There is simplicity in a mid-January trade like Monday’s, in which the San Francisco Giants acquired outfielder Andrew McCutchen from the Pittsburgh Pirates.
That is, the Pirates have decided to play for another day. That day is not today. It may not be tomorrow. They’ll get back to you on the specifics. For McCutchen, they will receive Kyle Crick, a 25-year-old right-handed pitcher with a 3.06 ERA in 32 1/3 innings as a rookie in 2017, and Bryan Reynolds, a switch-hitting outfield prospect drafted 59th overall in 2016.
Following three seasons that reached (and ended quickly, granted) in October, the Pirates missed the playoffs in consecutive years, veered from 98 wins to 78 to 75, dealt ace Gerrit Cole to the Houston Astros on Saturday and two days later offloaded their franchise player, as well. They are moving talent. They are moving money. And now comes the hard part for a franchise whose two decade-long dry spell had been turned by the likes of McCutchen and Cole – discovering the next McCutchen and Cole. It’s not likely either arrived in the past few days.
The Giants, who chased three World Series championships in under a decade with a last-place, 98-loss, 40-games-out clunker in 2017, still believe in today. Because, they almost certainly believe, they couldn’t possibly be that bad/banged up/unlucky again. And also because they’re on the hook for decent money with Buster Posey, Johnny Cueto, Mark Melancon, Jeff Samardzija, Brandon Belt, Brandon Crawford and, as of a few weeks ago, Evan Longoria for at least a few more years, and Madison Bumgarner is healthy again, so you don’t pull the plug on all that even if you could, which you probably can’t.
So, on Dec. 20 they traded for Longoria, the best player in the history of the Tampa Bay Rays, who also is 32 years old. He cost them four players, including prospect Christian Arroyo, but cleaned up a problem position for them, and is one of the sturdier personalities in the game. The other obvious problem position(s) was in the outfield, where a good portion of those 98 losses could be pinned, both offensively and defensively. When the Pirates pulled the trigger on Cole, there’d be no more feigning designs on 2018 competency, a fact that surely wasn’t lost on the Giants.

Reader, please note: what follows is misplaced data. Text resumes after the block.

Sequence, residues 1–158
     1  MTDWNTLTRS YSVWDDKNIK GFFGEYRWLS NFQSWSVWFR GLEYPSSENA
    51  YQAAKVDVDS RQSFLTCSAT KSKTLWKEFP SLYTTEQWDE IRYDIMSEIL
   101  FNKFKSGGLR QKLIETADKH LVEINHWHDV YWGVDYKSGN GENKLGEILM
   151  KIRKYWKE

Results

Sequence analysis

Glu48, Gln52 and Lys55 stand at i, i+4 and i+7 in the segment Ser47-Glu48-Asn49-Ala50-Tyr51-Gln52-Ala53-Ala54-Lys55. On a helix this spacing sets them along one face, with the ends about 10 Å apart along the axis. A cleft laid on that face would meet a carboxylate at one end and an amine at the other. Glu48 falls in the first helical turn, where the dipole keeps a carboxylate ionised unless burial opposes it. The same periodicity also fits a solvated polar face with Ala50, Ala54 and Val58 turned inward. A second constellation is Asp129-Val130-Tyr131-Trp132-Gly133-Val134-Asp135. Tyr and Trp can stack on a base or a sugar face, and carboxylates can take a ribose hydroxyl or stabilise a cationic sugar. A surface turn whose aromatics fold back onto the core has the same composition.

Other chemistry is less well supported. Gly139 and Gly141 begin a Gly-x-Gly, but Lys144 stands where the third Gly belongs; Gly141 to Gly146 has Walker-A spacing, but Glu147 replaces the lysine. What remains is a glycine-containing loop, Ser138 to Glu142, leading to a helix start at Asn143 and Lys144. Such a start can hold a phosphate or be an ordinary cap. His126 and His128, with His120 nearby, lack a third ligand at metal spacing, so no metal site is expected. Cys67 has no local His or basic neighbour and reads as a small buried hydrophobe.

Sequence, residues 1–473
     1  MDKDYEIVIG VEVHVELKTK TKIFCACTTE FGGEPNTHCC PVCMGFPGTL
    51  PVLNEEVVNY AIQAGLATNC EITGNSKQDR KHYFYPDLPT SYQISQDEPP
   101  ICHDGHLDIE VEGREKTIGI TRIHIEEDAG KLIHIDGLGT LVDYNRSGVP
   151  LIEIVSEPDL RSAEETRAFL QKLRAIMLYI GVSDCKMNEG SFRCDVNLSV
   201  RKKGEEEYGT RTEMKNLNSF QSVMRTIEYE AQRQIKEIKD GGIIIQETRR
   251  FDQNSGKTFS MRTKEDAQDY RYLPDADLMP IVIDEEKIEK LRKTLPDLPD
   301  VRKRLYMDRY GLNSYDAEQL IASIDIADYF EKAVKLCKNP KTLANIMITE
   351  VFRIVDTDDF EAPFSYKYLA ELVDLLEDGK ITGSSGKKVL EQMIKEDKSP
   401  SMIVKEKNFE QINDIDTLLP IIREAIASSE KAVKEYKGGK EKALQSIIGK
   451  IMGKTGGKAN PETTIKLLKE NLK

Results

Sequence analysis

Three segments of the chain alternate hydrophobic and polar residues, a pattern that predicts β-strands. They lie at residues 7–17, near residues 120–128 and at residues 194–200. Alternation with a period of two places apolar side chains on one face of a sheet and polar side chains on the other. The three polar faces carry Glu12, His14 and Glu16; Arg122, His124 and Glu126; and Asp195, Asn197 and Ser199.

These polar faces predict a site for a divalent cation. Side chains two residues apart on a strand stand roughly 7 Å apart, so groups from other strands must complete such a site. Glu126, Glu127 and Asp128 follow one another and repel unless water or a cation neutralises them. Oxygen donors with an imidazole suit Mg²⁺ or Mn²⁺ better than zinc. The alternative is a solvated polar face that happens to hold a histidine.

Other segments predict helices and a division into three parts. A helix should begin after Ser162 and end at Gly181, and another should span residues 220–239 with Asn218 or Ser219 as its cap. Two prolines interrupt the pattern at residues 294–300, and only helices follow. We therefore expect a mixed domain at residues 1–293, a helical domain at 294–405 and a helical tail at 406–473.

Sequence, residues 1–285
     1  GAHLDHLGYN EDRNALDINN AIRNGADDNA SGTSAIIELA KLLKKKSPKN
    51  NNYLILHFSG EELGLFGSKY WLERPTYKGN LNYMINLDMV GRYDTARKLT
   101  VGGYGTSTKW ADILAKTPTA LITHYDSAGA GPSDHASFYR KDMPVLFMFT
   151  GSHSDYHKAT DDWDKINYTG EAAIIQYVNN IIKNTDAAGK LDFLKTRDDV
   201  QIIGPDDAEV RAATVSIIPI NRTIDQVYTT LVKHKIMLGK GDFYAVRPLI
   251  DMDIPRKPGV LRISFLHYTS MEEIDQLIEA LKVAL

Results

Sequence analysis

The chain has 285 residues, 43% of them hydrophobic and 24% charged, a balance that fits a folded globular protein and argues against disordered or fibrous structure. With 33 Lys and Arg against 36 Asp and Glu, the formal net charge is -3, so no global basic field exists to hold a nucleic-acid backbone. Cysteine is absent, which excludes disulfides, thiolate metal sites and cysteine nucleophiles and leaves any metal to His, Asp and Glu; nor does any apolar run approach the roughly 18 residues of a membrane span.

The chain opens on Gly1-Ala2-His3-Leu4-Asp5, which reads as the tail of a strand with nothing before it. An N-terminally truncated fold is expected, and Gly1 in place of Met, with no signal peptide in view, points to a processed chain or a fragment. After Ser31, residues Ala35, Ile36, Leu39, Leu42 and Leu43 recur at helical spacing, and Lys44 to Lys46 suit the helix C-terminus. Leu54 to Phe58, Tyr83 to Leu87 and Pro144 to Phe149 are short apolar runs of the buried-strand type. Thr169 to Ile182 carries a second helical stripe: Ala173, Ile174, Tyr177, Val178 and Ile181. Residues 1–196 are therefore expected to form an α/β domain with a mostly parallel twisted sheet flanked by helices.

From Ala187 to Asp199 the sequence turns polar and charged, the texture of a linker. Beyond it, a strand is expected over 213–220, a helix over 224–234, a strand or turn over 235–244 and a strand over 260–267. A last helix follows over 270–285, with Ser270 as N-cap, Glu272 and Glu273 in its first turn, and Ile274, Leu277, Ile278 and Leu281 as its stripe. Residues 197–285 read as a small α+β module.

McCutchen is a five-time All-Star, an MVP and, like Longoria, one of those guys who feels good to play alongside of. He had a fairly miserable 2016 season on the offensive side, then was moved out of center field until the Pirates were caught short there, but rebounded in 2017 to post an .849 OPS and 28 home runs. Good for him, as he can be a free agent after the 2018 season, and good for the Pirates, who’d seemingly been shopping him for better than a year.
The Giants won’t necessarily be satisfied with Longoria and McCutchen. While they fit with the theme of this offseason, as a team with one eye on building a better ballclub and the other on the luxury tax threshold, another outfielder could be required. In a slow-moving market, Lorenzo Cain, Carlos Gonzalez and others remain, and wait, and there are options in the trade market as well, including Billy Hamilton.
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